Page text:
New York, NY, July 29, 2020 –(PR.com)– In a recent blog post on Legal Lanaguage Services’ (LLS) website, senior consultant, Tom McLean, Esq. and LLS’s president, Victor Hertz, discuss the decision Data Protection Commissioner v Facebook Ireland and Maximillian Schrems (Schrems II).
This major change in international data sharing is put into context through a brief summary of Schrems I, in which the court examined how Facebook exported the personal data of European citizens to the US.
Schrems I forced the creation of new regulations for the international transfer of personal data.
Now Schrems II has done the same. Moreover, McLean points out that Schrems II, by overturning the pertinent EC Directive, has also overturned the chief blocking statute for most European countries.
From 1995 to 2016, much of the personal data transferred from the EU to the US was done pursuant to a “safe harbor” created by the Directive 95/46. Schrems I invalided that safe harbor. The EU responded quickly to Schrems I by enacting Directive 2016/679. Rather than creating a safe harbor for transferring personal data, Directive 2016/679 created a “privacy shield.”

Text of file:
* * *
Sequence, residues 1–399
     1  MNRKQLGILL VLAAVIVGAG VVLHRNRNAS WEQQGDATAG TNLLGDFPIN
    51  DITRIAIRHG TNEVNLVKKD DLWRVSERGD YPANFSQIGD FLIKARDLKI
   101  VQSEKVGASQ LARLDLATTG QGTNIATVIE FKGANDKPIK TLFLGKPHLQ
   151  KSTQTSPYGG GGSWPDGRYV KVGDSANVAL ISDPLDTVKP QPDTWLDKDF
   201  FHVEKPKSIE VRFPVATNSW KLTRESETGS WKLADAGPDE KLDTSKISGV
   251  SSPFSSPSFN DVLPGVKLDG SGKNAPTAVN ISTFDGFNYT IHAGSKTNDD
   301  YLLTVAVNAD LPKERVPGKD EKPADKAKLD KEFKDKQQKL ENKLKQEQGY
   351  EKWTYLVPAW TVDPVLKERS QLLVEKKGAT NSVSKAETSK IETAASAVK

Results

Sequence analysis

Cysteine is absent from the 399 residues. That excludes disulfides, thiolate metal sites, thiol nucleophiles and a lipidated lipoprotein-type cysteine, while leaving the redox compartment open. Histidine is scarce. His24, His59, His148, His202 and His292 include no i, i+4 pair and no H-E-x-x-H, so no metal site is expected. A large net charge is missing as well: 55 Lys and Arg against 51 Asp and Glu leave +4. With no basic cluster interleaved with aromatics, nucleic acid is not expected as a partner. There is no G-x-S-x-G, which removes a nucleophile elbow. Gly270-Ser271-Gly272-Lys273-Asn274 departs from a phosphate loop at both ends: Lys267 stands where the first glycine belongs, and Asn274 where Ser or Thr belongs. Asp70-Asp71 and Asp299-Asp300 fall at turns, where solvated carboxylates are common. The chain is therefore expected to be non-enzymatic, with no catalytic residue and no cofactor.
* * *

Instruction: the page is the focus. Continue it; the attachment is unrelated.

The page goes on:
McLean and Hertz discuss how Schrems II invalidated the Privacy Shield, leaving data buyers and sellers in limbo – and in need of quickly renegotiating data exchange contracts.
In particular, the blog post examines the effect Schrems II has on international litigation. Since Directive 2016/679 has been the de facto chief blocking statute for many European countries, McLean and Hertz examine how Schrems II impacts the ability to take evidence from European witnesses and parties, ultimately concluding that it doesn’t impact this ability very much at all. They argue: “First, Directive 2016/679 protections only apply to ‘natural persons’ and not corporations. Second, and more importantly, Directive 2016/679 does not apply ‘when courts are acting in the judicial capacity.’”
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